There is no such thing as a solo entrepreneur. When growing your business from the ground, it is crucial to build a stellar startup team that shares your vision to help bring your idea to life. A poorly constructed team is one of the top reasons that start-ups fail. Therefore it is imperative that you are selective and strategic about your team. So we’ve put together our top tips for building your dream team!

 

Identify positions within your startup team

 

The first step for building your team is to identify the positions you need to hire for to deliver your minimum viable product (MVP). As odd as it might sound, don’t build a team for a startup. The start-up phase is temporary, not your long-term trajectory.

 

What are the strengths of your founders?

 

Begin by looking at your founding members. What are their strengths and weaknesses? That right there should determine the structure and foundation of your startup. Who is the marketing whiz? Who is the technical expert? Do what you are great at. Bring in top people to handle the rest.

 

Also consider your personalities, values, and beliefs. What do you want your working culture to be like? Only once you have settled on what your company culture will be and how decisions will be made within the company can you hire anyone else.

 

What positions will complete your team?

 

Think about the functions necessary to produce your MVP. In an early stage startup this is unlikely to cover every possible function. Instead think about the skills or talents that your team is already lacking in. For example, programming, account management, or sales. Use this to drive your decisions on positions, and of course think about the money you have available to fill these positions.

 

What other hiring options are there?

 

In the beginning hiring full-time employees may not be necessary. In fact, often it makes more sense to hire part-time employees or contractors at the beginning. Eventually they might be hired on a full-time basis if the partnership proves to be fruitful. This will help you to leverage a full set of skills for your business at minimal time, money, and risk.

 

Alternatively, if it is advisers you are looking for, it could be valuable to read a few industry-leading blogs, or better yet attend an industry event. Lockdown is no excuse—when the world went remote, so too did many big events! You’ll learn so much by simply putting yourself out there, and at their best, these can point you in the direction of talented advisers, whether they be technical experts, personal coaches, or market experts!

 

Diversity of thought

 

Picture a team that is similar in every way—personality, drive, thinking style, working style. It can kill creativity. Creativity is critical for a flourishing startup! Encouraging diversity of thought, opinions, and personality is more important in a startup than established businesses.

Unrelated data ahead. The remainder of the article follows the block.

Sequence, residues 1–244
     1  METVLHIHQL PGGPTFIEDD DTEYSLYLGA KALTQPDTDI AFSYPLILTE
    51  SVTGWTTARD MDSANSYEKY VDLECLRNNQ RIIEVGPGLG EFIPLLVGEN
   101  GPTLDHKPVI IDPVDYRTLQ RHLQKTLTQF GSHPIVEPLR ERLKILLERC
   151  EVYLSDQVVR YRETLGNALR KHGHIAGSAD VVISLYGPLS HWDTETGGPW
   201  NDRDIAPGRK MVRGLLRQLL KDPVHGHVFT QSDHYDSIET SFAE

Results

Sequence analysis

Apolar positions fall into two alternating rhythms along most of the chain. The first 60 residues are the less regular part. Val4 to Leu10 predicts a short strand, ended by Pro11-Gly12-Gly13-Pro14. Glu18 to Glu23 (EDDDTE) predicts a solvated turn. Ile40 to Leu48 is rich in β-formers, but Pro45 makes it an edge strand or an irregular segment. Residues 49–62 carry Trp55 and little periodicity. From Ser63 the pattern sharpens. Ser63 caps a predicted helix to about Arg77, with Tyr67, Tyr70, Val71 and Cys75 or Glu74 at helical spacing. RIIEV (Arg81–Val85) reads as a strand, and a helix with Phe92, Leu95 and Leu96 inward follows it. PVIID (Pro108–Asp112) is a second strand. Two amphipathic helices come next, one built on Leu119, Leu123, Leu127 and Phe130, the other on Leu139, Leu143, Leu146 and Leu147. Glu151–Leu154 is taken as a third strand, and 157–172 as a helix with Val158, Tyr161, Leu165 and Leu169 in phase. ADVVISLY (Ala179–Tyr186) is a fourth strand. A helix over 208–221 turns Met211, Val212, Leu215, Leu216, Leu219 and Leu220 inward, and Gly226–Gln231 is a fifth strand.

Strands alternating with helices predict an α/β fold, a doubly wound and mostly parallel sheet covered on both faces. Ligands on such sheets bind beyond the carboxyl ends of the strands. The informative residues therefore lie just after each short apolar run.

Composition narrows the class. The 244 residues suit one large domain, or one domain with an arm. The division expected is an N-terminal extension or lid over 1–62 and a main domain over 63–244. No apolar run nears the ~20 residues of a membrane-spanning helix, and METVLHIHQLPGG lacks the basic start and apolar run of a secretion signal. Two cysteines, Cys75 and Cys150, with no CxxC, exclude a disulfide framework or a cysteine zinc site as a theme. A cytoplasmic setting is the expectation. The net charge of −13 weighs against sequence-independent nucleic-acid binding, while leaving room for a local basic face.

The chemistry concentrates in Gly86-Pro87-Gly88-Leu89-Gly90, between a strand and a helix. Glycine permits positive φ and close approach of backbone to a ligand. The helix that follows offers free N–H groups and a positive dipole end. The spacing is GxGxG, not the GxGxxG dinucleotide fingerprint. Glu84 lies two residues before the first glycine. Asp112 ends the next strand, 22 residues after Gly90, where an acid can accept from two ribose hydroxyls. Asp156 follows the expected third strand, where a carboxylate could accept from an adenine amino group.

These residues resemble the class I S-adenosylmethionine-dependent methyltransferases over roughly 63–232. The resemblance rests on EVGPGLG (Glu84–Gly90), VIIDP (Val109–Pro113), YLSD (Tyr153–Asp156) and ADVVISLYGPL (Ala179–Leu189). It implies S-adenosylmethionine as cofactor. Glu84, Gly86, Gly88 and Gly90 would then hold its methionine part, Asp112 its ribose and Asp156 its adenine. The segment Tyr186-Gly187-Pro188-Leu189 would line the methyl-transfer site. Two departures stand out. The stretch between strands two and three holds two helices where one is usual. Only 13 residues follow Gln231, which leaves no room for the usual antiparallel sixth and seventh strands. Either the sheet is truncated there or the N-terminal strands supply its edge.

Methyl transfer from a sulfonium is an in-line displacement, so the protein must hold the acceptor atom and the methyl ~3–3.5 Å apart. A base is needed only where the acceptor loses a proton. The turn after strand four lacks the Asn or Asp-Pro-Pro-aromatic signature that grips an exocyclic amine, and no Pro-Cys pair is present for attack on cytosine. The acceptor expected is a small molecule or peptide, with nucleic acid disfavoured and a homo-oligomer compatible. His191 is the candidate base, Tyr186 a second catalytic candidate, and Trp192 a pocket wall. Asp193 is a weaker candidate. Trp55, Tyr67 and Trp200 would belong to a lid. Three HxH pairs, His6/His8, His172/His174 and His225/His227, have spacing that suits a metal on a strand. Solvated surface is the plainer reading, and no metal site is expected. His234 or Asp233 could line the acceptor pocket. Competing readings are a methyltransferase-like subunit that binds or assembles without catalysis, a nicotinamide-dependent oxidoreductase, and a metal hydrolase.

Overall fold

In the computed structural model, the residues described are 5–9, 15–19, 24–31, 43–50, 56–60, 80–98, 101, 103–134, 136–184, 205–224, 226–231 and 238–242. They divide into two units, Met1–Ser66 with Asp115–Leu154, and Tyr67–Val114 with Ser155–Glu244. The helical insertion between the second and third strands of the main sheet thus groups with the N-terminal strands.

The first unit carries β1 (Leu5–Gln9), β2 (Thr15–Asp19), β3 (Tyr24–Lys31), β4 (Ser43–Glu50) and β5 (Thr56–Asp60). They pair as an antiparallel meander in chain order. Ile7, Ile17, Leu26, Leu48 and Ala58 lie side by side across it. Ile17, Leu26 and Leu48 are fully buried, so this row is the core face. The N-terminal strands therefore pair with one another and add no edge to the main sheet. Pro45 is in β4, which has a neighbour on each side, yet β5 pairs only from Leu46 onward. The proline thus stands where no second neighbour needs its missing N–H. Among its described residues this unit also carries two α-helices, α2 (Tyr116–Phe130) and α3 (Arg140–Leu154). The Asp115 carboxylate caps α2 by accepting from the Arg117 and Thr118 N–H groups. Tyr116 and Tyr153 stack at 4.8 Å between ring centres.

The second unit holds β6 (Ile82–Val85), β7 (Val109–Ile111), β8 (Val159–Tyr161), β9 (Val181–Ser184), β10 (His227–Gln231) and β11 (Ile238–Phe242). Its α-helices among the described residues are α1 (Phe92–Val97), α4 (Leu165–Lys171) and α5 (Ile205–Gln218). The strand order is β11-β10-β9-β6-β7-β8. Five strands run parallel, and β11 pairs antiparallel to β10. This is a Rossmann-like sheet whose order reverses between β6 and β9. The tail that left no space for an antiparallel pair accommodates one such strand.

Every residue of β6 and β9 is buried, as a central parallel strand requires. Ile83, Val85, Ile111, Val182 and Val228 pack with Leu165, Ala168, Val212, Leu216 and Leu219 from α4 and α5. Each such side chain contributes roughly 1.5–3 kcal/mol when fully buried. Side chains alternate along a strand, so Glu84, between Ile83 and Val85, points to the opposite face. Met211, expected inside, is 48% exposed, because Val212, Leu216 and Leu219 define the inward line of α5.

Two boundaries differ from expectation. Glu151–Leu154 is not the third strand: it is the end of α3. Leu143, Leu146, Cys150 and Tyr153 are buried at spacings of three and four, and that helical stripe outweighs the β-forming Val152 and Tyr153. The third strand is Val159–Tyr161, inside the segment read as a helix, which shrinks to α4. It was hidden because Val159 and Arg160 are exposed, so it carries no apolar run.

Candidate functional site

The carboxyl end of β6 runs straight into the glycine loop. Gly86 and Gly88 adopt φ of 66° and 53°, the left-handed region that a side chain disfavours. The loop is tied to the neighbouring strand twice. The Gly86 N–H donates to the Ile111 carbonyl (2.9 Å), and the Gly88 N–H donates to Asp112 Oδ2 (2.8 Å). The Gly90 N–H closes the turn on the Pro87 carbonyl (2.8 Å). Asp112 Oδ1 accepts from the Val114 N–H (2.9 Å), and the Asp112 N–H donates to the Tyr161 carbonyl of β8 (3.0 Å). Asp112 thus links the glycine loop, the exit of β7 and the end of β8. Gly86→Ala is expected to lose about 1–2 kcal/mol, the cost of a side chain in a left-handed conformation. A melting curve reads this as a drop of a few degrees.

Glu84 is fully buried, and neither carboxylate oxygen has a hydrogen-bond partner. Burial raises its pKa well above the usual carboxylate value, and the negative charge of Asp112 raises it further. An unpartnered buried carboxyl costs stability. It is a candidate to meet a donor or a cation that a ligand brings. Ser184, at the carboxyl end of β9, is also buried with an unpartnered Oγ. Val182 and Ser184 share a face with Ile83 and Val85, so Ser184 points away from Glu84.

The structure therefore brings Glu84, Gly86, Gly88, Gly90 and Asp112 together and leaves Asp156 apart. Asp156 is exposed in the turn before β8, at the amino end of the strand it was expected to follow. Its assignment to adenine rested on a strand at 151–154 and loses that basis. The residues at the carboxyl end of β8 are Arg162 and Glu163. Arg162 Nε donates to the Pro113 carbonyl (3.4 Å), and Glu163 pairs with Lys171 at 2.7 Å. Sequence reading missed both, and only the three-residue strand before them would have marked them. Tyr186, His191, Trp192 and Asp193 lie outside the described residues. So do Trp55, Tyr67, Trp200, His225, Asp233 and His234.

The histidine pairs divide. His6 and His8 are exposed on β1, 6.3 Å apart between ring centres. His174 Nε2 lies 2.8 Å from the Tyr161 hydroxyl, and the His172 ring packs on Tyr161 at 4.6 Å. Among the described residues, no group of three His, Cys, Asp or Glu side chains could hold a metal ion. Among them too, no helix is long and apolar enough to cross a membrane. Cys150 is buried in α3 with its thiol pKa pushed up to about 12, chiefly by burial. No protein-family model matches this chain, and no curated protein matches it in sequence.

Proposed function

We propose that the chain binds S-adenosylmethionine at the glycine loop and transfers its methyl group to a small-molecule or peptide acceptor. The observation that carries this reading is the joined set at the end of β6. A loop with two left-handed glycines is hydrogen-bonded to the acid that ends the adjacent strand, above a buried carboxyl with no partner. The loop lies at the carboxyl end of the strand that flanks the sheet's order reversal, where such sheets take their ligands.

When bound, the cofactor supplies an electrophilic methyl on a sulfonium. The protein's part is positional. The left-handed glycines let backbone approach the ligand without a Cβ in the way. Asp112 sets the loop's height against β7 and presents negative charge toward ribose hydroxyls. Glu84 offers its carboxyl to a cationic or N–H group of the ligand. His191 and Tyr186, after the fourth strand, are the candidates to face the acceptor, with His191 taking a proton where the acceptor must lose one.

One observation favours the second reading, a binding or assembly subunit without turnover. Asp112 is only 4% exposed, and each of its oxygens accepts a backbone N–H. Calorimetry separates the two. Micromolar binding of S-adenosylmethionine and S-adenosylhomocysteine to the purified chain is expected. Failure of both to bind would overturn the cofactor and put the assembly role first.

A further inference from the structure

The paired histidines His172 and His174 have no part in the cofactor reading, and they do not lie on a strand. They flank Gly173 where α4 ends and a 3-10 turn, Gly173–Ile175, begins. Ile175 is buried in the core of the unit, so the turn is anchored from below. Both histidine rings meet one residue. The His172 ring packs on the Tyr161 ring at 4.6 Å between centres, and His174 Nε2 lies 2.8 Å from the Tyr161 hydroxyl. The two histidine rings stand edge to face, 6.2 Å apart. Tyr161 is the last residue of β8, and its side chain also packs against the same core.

Homogenous teams that conform to the same identity will likely have similar strengths and weaknesses. Without someone to cover your blind spots, it becomes increasingly difficult to generate new ideas or check each other’s mistakes and performance. A degree of pushback builds a more robust operation. For this, balance is crucial.

 

Striking a balance between hard and soft skills

 

When evaluating the skill set of your team, be sure not to neglect soft skills. When we talk about experience (hard skills) and passion and vision (soft skills), it becomes apparent that stellar teams sit at the nexus of the two.

 

There is truth to the idea that prior startup experience, product knowledge, and industry skills can contribute to the success of a new venture. However, this is not sufficient enough means for a team to work well together. To attract the attention  of external venture capital investors, shared strategic vision and entrepreneurial passion are crucial—and though bootstrapping is a noble pursuit, without some degree of investestment you’re in for one hell of an uphill battle.

 

A recent study of 95 new startup teams found that high levels of experience combined with average or low passion demonstrated weak team performance. Particularly in the areas of innovation, customer satisfaction, and cost control. The opposite was true for teams reporting average levels of experience but high passion. In fact, they demonstrated significantly stronger performance.

 

Ultimately, a great resume does not always equal great performance. Without entrepreneurial passion and strategic initiative, even an outstanding resume can lose its value.

 

The Bottom Line

 

So there you have it, some top tips for growing your start-up from the ground up. Build a team that thinks differently, and possesses a wide range of skills and opinions. Instead align on your strategic vision, and your business will go from strength-to-strength.

 

Sign Up To Quell Today

Sign up to the waitlist and get 3 months free Quell+ at launch

Please fill out the form